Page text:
Mario Kart Wii

There is very little that is new about Mario Kart Wii. The game is a decent racer. It holds up very well to its predecessors. It has a few new bells and whistles– like the inclusion of motor bikes, more racers on the track, and new weapons. This is all that Nintendo really needed to do to sell the game to its core audience. Even so, there are a few good things that not only set this game apart from its forefathers, but help it push the video game a little further.

The Wii Wheel

The Wii Wheel is little more than a plastic housing for the Wii remote which allows the player to feel as if he or she is actually steering rather than just playing a game. This is certainly a clever draw for non-traditional gamers, however it isn’t really light years ahead of using the Wii remote alone. The Wii remote versus the standard analog joystick was a much larger leap.

For many players, though, this is their first taste of that particular control scheme. This is the first time they have played a driving simulator, let alone a video game at all, which uses controls which mirror realistic movement in this manner. The benefit of this, beyond added enjoyment by the player, is that the increased accessibility will widen the game’s audience. This pushes the video game further out of the fringes of society and into the mainstream with television, literature, and film.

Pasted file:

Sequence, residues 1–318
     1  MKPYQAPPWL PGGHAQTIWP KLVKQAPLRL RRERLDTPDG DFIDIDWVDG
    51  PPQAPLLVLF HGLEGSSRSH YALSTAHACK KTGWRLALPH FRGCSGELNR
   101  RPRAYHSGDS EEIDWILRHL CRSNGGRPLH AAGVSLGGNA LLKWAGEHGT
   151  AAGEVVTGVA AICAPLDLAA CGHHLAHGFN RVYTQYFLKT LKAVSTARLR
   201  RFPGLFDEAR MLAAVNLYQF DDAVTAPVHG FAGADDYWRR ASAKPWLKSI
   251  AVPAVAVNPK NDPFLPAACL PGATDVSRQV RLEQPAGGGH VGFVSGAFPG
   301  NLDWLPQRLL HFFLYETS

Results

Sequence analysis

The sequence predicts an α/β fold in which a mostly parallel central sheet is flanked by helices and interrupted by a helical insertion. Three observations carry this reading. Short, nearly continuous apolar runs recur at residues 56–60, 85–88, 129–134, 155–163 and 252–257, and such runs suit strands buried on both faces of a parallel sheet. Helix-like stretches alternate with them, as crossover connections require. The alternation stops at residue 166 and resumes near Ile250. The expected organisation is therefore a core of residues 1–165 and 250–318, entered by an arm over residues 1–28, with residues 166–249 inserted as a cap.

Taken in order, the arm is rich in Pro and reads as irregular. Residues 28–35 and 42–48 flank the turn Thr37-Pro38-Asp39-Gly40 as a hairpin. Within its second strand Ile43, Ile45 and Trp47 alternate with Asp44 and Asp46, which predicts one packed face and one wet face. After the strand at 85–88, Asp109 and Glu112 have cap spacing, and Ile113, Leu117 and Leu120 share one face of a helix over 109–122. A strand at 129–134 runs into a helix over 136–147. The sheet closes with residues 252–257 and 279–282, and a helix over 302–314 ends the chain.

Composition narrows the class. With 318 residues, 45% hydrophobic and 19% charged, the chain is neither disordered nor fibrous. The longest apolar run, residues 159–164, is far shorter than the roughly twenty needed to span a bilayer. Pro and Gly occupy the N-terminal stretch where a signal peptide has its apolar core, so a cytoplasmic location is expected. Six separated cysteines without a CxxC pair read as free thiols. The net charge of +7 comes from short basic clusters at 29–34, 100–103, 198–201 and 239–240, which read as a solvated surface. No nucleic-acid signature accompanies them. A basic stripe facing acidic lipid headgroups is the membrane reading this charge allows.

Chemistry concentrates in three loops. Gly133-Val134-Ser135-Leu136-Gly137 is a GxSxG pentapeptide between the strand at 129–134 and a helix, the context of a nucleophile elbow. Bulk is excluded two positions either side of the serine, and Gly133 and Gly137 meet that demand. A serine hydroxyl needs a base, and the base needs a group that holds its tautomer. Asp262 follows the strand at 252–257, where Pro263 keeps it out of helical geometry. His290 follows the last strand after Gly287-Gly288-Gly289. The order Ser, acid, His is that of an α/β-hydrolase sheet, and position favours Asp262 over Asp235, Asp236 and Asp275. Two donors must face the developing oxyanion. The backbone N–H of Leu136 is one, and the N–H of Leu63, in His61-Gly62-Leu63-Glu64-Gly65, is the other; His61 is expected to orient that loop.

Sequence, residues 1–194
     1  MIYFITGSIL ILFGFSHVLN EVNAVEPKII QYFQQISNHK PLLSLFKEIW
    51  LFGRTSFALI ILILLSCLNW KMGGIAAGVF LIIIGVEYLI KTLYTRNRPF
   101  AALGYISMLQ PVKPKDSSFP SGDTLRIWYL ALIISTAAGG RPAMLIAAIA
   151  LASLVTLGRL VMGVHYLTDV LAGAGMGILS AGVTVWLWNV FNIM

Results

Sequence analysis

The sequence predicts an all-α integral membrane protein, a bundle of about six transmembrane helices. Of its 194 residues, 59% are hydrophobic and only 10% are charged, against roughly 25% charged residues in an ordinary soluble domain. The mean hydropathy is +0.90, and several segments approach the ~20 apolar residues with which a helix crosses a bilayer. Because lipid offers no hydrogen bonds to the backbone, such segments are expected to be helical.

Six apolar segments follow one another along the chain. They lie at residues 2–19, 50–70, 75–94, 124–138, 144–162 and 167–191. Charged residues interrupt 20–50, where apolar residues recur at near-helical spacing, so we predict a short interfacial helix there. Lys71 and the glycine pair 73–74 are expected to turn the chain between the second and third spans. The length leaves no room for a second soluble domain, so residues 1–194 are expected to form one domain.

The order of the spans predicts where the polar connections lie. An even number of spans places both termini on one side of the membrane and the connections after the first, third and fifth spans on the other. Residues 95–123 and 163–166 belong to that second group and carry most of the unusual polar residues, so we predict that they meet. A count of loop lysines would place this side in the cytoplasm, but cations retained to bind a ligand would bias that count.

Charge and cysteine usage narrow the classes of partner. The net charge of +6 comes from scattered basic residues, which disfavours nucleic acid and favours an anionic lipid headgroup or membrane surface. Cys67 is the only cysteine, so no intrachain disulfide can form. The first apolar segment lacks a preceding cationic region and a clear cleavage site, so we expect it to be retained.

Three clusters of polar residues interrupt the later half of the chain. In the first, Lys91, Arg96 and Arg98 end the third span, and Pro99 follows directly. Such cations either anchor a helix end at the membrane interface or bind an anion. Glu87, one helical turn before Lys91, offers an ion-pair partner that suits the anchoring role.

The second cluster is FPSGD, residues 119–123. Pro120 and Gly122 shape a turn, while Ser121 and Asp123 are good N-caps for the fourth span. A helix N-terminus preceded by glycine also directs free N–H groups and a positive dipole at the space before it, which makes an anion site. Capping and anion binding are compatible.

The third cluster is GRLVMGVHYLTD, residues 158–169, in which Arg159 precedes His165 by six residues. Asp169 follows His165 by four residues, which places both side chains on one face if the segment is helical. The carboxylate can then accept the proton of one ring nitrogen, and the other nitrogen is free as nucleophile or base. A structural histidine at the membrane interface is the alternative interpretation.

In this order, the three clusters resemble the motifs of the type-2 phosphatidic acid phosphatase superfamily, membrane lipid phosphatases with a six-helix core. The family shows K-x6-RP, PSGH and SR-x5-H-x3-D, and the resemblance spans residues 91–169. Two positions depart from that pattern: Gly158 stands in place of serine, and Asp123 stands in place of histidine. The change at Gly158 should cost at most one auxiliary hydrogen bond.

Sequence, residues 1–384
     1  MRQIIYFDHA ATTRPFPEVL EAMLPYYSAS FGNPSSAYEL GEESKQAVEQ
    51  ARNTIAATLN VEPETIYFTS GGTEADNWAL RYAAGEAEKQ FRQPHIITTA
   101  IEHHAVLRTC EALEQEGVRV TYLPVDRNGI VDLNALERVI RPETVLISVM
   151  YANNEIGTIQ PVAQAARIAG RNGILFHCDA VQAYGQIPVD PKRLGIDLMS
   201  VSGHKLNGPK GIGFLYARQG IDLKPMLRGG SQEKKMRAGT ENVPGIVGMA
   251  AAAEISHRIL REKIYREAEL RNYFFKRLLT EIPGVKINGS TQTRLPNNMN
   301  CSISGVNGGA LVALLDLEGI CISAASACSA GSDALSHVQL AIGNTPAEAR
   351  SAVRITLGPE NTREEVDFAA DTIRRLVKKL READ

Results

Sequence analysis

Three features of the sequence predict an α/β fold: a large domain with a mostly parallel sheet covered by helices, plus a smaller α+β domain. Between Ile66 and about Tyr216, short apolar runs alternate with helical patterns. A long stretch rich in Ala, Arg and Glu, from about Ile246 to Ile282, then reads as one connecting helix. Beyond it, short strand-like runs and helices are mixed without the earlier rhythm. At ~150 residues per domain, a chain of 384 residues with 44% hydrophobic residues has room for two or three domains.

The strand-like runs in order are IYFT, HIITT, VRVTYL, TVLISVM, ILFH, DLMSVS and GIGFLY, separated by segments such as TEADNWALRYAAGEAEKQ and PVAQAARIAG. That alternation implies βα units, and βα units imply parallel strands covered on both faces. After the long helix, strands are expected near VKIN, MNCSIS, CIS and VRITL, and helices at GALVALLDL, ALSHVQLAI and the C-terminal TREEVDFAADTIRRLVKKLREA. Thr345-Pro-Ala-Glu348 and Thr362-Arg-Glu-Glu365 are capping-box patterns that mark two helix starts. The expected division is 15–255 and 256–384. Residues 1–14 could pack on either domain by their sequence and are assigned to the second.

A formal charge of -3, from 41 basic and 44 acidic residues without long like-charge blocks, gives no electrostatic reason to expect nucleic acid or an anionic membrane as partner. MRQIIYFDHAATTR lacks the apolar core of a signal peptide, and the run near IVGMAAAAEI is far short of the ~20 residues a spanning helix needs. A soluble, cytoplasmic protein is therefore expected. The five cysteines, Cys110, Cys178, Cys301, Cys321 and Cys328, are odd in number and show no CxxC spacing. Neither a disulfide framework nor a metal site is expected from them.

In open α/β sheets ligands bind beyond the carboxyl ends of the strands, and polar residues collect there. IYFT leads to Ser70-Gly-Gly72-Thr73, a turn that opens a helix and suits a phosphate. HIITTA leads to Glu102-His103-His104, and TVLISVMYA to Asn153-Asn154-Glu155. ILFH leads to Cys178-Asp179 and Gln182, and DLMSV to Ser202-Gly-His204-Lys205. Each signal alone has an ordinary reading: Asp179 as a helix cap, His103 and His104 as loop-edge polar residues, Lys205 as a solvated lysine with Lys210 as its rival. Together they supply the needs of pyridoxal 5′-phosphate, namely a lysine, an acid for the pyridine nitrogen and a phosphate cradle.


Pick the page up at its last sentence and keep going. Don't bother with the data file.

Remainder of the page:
It’s a-Mii!

Mii avatar integration is nothing new in Wii games. They’ve been a hallmark of the console’s unique interactivity. In this game, they appear as playable characters. While this is a novelty for anyone, traditional or casual gamer, it is made further interesting through its integration with Nintendo Wi-Fi connection. Players can see Mii characters of those they are playing with whether they be friends or other users connected randomly through the network. These same characters can also be used within the actual game as the avatar for each player, racing alongside the likes of Mario or Luigi. It is a novel approach to online gaming. It is uncommon to see characters made in the image of the player appear in online games, particularly when that isn’t the entire focus of the game, as in The Sims Online, or similar experiences.

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